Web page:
Cancer is the leading cause of death in Peoria County and has been for some time. A major reason is that many residents, especially in communities that are historically marginalized, aren’t diagnosed for preventable types of the disease until it’s too late.
It’s a pervasive problem that local health care institutions and public health organizations have tried to solve over the years. But now, they are combining resources and leveraging the creativity and passion of young minds to increase early screening in underserved communities.
In collaboration with a variety of groups, the OSF Innovation Design Lab is working with Bradley University students to develop solutions that will address health literacy and encourage people to get tested for certain cancers sooner. The goal is to come up with ideas by the end of the semester that can be presented to OSF and its collaborators for potential prototyping and use.
A collaborative effort
Scott Barrows, director of the OSF Innovation Design Lab, is leading the user experience design class at Bradley University where students work on a “real world” project that addresses an actual need. In this case, the undergraduates are using human-centered design principles to research, design and develop new ways of increasing early colon and cervical cancer screening awareness.
“While we began the class giving these students a crash course on these types of cancers, they are really learning the importance of empathy in the design process,” said Barrows. “You can’t create an effective solution without understanding why people in certain communities avoid preventive care like cancer screenings.”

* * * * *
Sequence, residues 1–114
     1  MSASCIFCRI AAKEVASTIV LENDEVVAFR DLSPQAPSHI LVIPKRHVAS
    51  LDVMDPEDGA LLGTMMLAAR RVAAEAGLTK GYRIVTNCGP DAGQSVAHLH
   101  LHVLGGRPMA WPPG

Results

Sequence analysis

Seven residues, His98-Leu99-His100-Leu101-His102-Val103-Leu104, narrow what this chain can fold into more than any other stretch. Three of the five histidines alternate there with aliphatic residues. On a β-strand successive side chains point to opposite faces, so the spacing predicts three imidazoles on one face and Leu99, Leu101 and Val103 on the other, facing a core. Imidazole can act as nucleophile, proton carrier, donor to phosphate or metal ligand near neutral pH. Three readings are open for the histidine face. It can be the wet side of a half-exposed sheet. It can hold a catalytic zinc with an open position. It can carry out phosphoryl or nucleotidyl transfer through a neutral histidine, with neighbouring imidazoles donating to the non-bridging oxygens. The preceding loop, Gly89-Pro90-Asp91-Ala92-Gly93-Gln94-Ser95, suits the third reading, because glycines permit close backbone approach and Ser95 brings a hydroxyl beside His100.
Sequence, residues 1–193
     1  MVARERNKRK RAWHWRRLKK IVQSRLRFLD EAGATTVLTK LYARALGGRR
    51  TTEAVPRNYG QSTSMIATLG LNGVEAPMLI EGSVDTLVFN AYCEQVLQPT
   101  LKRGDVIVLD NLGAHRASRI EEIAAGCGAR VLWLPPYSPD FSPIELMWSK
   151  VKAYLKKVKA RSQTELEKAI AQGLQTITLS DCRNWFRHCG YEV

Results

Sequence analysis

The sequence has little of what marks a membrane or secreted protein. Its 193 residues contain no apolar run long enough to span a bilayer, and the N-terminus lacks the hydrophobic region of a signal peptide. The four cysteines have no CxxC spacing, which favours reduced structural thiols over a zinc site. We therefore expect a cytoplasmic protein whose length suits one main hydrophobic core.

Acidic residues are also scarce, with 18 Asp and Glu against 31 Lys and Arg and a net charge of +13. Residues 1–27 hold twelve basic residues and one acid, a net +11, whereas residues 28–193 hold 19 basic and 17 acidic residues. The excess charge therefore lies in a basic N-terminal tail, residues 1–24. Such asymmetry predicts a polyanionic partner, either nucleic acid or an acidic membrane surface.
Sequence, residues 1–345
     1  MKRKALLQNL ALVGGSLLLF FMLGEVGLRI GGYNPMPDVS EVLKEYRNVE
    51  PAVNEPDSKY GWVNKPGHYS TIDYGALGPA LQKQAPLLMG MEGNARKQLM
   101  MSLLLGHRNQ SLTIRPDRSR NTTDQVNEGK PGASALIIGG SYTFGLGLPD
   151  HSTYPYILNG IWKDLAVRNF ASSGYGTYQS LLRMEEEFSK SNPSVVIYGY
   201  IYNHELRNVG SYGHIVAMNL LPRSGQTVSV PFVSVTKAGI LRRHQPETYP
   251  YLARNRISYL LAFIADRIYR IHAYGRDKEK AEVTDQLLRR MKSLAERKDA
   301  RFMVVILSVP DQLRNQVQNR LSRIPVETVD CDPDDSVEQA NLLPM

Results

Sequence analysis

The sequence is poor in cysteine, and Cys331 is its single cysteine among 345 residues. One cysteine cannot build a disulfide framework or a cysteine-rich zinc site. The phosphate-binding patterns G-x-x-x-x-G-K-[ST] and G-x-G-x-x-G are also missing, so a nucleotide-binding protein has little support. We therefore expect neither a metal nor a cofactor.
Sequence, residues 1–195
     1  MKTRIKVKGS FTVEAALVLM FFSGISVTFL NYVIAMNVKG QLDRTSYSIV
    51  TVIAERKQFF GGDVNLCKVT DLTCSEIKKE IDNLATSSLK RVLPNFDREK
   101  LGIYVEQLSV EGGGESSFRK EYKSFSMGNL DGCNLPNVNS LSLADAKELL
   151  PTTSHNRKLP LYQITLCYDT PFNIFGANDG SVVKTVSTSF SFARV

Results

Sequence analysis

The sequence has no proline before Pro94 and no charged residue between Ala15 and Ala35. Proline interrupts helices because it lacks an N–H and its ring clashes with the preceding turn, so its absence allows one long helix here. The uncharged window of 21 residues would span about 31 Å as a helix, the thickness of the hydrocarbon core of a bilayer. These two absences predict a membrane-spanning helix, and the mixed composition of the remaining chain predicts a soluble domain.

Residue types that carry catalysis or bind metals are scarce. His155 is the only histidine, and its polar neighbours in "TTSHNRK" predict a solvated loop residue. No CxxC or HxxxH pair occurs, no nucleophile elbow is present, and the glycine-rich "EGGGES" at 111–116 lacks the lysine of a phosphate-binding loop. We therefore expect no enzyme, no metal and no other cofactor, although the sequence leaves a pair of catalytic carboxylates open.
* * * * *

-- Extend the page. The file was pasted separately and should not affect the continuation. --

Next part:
To help with voice collection, the class welcomed experts from the Peoria City/County Health Department, the University of Illinois College of Medicine Peoria (UICOMP) and OSF HealthCare to discuss the research they’ve done in underserved neighborhoods. This includes conducting interviews with focus groups on reasons they don’t receive recommended screenings.
“Our research shows there is a lack of knowledge around how, when and why to get screened for cancer,” said Sarah Donohue, PhD, director of Research Services at UICOMP. “And some reasons are more personal. Some are too scared to get tested and some have had negative experiences with health care in the past.”
Beyond that, many individuals and families in these communities have bigger concerns they face on a daily basis like poverty, crime or determining where their next meal will come from. These are the many factors students must consider when creating solutions to this problem.
“The students are not working alone,” Barrows said. “They are also receiving guidance and lectures from experts at the University of Illinois Urbana-Champaign Siebel Center for Design and the University of Illinois Chicago who have expertise in designing solutions for historically marginalized groups.”
Bradley students have also heard from Mission Partners within OSF Innovation who are working on technology-based solutions for different projects. Four teams of user experience design students are working on ideas to increase cancer screening. They are expected to present their concepts in May.
What happens with the ideas?
Once OSF and its collaborators weigh in on ideas, they could work on building them out, prototyping them and testing them in targeted communities. There are also opportunities to apply for funding through the Jump Applied Research for Community Health through Engineering and Simulation (ARCHES) or the Community Health Advocacy (CHA) programs.
“Health care is complex and the problems we are trying to solve are challenging,” Barrows said. “That’s why it’s important for us to combine our expertise with the talents of academic institutions to build innovative health care solutions.”
Barrows’ ultimate goal would be to create a consortium of health care design thinking with experts across the Midwest to work on complex challenges communities face.